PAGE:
Body parameters

destination – See Destination protocols. Required: yes. Type: strings.

buffering – See Buffering configuration. Required: no. Type: strings.

types – An array of the types of logs to receive. Required: yes. Type: array of strings. Valid values: "platform", "function", "extension".

schemaVersion – Required: no. Default value: "2020-08-15". Set to "2021-03-18" for the extension to receive platform.runtimeDone messages.

Response parameters

The OpenAPI specifications for the subscription responses version 2020-08-15 are available for the HTTP and TCP protocols:

Response codes

  • 200 – Request completed successfully

  • 202 – Request accepted. Response to a subscription request during local testing.

  • 4XX – Bad Request

  • 500 – Service error

If the request succeeds, the subscriber receives an HTTP 200 success response.

HTTP/1.1 200 OK "OK"

If the request fails, the subscriber receives an error response. For example:

HTTP/1.1 400 OK { "errorType": "Logs.ValidationError", "errorMessage": URI port is not provided; types should not be empty" }

Log messages

The Logs API allows extensions to subscribe to three different logs streams:

  • Function – Logs that the Lambda function generates and writes to stdout or stderr.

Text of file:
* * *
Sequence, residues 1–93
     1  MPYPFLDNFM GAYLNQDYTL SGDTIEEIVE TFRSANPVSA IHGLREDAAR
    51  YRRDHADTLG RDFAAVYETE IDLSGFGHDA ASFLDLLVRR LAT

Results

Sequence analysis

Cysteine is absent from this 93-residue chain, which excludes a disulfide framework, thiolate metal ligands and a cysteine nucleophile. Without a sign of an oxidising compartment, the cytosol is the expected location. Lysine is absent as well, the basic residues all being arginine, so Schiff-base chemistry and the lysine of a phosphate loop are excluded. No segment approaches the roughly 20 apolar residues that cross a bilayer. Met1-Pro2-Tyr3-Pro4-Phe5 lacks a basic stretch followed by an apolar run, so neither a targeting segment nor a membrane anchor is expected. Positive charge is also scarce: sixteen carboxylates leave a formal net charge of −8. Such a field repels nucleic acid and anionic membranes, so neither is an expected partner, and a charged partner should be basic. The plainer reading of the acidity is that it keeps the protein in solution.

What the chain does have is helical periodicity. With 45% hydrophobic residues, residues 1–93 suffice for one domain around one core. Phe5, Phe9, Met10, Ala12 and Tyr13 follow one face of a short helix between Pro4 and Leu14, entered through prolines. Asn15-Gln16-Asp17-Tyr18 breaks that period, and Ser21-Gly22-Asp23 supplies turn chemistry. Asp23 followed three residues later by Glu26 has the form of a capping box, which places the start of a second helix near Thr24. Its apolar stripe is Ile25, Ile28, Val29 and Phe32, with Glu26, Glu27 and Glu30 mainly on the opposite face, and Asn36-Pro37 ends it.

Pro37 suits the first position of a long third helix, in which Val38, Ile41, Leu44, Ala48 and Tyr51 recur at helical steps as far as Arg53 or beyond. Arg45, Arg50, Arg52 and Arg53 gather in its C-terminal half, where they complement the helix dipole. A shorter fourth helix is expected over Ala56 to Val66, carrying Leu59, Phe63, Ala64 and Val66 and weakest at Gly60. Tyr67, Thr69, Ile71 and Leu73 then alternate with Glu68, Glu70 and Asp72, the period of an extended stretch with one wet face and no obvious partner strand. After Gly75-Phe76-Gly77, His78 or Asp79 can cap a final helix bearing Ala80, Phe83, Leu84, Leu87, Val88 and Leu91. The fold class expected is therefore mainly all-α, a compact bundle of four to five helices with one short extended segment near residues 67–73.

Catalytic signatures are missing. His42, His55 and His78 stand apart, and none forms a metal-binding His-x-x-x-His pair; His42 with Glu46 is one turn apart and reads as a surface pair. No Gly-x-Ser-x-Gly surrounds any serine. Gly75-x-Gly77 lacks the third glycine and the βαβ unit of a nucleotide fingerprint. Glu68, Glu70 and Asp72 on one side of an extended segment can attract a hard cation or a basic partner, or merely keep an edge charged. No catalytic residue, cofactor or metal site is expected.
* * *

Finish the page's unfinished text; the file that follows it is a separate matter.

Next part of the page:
• Extension – Logs that extension code generates.

  • Platform – Logs that the runtime platform generates, which record events and errors related to invocations and extensions.

Function logs

The Lambda function and internal extensions generate function logs and write them to stdout or stderr.

The following example shows the format of a function log message. { "time": "2020-08-20T12:31:32.123Z", "type": "function", "record": "ERROR encountered. Stack trace:\n\my-function (line 10)\n" }

Extension logs

Extensions can generate extension logs. The log format is the same as for a function log.

Platform logs

Lambda generates log messages for platform events such as platform.start, platform.end, and platform.fault.